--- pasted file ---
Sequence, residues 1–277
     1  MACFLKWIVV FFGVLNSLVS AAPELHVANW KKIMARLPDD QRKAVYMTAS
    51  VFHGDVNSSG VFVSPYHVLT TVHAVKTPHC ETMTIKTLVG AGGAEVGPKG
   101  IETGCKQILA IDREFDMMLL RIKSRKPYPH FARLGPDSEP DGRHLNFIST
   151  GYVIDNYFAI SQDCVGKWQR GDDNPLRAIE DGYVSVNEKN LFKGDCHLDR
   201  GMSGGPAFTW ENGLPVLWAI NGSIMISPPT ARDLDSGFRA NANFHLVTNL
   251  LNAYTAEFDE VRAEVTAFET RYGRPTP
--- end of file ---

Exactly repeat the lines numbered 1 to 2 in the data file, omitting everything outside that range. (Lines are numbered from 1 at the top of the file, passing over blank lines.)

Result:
Sequence, residues 1–277
     1  MACFLKWIVV FFGVLNSLVS AAPELHVANW KKIMARLPDD QRKAVYMTAS